My favourite baking book is a really old book. If I was cooler, I’d probably call it vintage. It originally belonged to my grandmother (who I’ve never met), who was apparently a fabulous cook. My grandfather passed the book on to my mum, who isn’t all that keen on having kitchen adventures. So, it lay dormant in a kitchen drawer for quite a long time, until a few years ago when I picked it up, primarily out of curiosity. Such an old, small book seemed out of place between the rest of the shiny, picture-filled books that my family had collected over the years.
You can find the recipes in this book online at Bero Flour, but I like using the old book. Maybe the fact that it’s my grandmother’s book prevents me from doing creative things, like altering recipes – I’ve heard she was pretty strict. It’s probably psychological.
Fluffy No-Fail Rich Scones
From Home Recipes with Be-Ro Flour, 37th Edition. I only changed the measurements a little, because in that edition there was some confusion between the gram-oz conversion for the flour. You can find it online here.
Makes 10 full size scones, or 25-39 mini scones.
225g / 8oz self-raising flour – I used gluten free flour, no problem
50g / 2oz margarine – I used spreadable butter, which was fine
25g / 1oz castor sugar
50g / 2oz currents, raisins, or sultanas – I used closer to 80g, but I think it doesn’t matter that much
1 medium egg, beaten with enough milk to make 150ml of liquid
A pinch of salt
Oven temperature: 220 degrees C
- Line a baking tray with paper.
- Mix the flour and salt, and rub in the margarine. Keep rubbing until the mixture looks like breadcrumbs. Make sure the margarine is cold, it’ll make your life easier. Cut it into little cubes before starting to rub it in to the flour with your fingers.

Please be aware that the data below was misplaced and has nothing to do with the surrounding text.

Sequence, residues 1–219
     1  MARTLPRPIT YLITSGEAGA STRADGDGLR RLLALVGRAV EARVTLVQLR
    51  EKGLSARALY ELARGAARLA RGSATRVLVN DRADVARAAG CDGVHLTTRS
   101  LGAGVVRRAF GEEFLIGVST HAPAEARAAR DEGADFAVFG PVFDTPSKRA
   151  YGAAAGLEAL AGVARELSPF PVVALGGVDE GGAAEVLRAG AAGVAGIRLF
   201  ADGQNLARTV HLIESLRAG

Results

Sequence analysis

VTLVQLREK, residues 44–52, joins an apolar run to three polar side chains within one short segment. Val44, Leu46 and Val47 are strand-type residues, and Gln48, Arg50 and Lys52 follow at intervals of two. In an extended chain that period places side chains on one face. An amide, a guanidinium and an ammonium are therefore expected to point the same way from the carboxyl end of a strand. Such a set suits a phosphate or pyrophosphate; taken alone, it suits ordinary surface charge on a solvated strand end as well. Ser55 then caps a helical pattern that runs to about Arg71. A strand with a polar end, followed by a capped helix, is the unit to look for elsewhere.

- Mix in the sugar and currants/raisins/sultanas.
- Beat the egg into the milk, and pour in most of it. Save a little for the tops of the scones (a couple of tablespoons is fine). Stir it in with a spoon, and when it starts to come together, use your hands to mush everything in. Keep going until the mixture comes together. It will look pretty shaggy and craggy because of the milk.
- Be-Ro says you should knead the dough on a floured surface at this point, and use cutters to cut out scone shapes. If you can, good for you! My dough is usually a bit wet, perhaps because of the heat. Instead, I make sure everything is well mixed in the bowl and has come together in a loose ball. Then, I use a spoon to drop scone batter onto the baking paper. I then use my fingers to shape each ball into a round, and flatten the top.
- For mini scones, I usually use a teaspoon sized ball. I’ve found that a lot of people are scared of scones because they aren’t familiar with how to eat them, and they aren’t that sweet. Usually people are willing to eat a mini-sized scone, after which they are hooked.
- For full sized scones, I’d probably use a tablespoon or two of batter. Full sized scones are nice too because you get more of the fluffy inside parts.
- Brush the tops with the remainder of the egg-milk mixture, and bake for about 10 minutes or until golden. Mini scones need about 8 minutes, depending on how thick you make them.